The opening chapter of the second northwest Independence novel, A Distant Thunder. The Turning Wheels. Narrated by the author
Original air date: May 24th, 2012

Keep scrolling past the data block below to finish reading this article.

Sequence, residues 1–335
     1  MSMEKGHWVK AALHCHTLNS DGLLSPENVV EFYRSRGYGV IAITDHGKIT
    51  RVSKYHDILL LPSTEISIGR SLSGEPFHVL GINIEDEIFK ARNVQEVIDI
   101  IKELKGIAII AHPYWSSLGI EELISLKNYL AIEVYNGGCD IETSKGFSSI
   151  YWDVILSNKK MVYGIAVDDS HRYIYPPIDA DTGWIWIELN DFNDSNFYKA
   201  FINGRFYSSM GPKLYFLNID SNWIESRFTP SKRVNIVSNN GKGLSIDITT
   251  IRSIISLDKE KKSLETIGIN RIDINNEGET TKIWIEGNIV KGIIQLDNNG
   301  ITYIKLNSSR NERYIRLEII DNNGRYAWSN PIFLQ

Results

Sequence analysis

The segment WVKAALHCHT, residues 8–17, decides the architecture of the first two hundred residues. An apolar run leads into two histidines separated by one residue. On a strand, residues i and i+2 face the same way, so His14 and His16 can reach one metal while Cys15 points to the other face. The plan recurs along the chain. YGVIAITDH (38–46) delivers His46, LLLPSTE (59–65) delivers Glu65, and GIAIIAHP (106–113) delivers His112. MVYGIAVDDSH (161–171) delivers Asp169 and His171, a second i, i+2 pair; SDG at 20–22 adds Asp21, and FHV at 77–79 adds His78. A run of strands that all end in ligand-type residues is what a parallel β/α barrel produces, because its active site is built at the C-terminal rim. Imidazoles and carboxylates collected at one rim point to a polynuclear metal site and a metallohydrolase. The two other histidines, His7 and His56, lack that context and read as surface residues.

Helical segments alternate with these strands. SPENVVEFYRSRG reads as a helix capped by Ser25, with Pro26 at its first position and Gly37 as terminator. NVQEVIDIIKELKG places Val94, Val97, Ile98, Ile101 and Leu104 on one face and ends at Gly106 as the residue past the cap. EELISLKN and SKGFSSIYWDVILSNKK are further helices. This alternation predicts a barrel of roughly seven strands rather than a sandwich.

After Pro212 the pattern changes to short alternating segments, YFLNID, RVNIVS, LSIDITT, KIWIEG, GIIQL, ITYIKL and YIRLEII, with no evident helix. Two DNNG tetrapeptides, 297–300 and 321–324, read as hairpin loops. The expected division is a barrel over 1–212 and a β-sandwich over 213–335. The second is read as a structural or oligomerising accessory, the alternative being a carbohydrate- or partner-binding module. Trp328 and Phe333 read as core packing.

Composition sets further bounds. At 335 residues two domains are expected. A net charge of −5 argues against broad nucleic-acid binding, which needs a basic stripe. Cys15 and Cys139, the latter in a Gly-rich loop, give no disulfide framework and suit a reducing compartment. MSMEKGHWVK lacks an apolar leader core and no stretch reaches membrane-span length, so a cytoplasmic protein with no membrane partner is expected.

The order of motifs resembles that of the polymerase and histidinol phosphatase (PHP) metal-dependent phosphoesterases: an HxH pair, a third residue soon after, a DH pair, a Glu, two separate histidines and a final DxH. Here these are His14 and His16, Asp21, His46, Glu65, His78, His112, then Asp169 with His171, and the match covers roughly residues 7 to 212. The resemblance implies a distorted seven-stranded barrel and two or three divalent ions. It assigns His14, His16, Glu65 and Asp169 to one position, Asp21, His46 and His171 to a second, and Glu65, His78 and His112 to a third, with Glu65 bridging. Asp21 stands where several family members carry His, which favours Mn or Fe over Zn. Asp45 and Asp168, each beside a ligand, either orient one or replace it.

"At the end of the twentieth century, there was a Japanese college professor named Francis Fukuyama. He wrote a long, intellectual, and trés chic essay called The End of History that became quite famous. Francis Fukuyama was an intellectual whore who sold his mind for money. He was a tame academic who sucked up to the wealthy and powerful of his era, big time. He told them what they wanted to hear and he reaped their largesse. When the blank-faced white men in the silk suits said jump, Francis Fukuyama asked “How high?” When the suits said run, Francis Fukuyama asked “How far?” He politely avoided the mildly disturbing term plutocracy, and substituted a much more fashionable practice of publicly referring to the wealthy, corrupt, amoral, incompetent, discreetly homosexual Anglo-Zionist corporate ruling élite of the late twentieth century by the grotesque name of liberal democracy. It was, of course, neither liberal nor democratic, but truth didn’t matter in those days. Fukuyama argued that liberal democracy was the final form of human government for all time to come. He claimed that the allegedly irresistible combination of liberal democracy and multinational capitalism had triumphed over all other competing systems such as monarchy, fascism, communism, National Socialism, welfare state socialism, and of course that nasty Islamic theocracy of the ignorant Arab peasants that persecuted poor little helpless Israel so. History was now at an end, Professor Fukuyama told the world. All that remained was to formalize that fact by taking care of a few little details and getting everybody on board and whipped into shape. Then once we got rid of all those picky little details like race, and religion, and culture, and morality, and the traditional nuclear family—in other words, once we destroyed all that makes humanity...."